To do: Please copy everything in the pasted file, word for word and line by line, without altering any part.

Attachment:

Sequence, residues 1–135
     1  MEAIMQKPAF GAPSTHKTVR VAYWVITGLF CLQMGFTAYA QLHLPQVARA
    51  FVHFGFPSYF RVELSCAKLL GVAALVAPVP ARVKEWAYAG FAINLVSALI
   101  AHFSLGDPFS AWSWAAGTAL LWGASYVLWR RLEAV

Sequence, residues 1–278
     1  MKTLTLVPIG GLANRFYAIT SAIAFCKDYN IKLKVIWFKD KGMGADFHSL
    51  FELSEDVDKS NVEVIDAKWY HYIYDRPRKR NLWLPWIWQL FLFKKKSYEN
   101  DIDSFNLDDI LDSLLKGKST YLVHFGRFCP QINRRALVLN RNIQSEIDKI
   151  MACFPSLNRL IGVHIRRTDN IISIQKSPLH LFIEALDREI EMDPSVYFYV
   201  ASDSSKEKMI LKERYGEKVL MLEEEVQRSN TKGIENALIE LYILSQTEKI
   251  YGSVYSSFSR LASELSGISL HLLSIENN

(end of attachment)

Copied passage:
Sequence, residues 1–135
     1  MEAIMQKPAF GAPSTHKTVR VAYWVITGLF CLQMGFTAYA QLHLPQVARA
    51  FVHFGFPSYF RVELSCAKLL GVAALVAPVP ARVKEWAYAG FAINLVSALI
   101  AHFSLGDPFS AWSWAAGTAL LWGASYVLWR RLEAV

Sequence, residues 1–278
     1  MKTLTLVPIG GLANRFYAIT SAIAFCKDYN IKLKVIWFKD KGMGADFHSL
    51  FELSEDVDKS NVEVIDAKWY HYIYDRPRKR NLWLPWIWQL FLFKKKSYEN
   101  DIDSFNLDDI LDSLLKGKST YLVHFGRFCP QINRRALVLN RNIQSEIDKI
   151  MACFPSLNRL IGVHIRRTDN IISIQKSPLH LFIEALDREI EMDPSVYFYV
   201  ASDSSKEKMI LKERYGEKVL MLEEEVQRSN TKGIENALIE LYILSQTEKI
   251  YGSVYSSFSR LASELSGISL HLLSIENN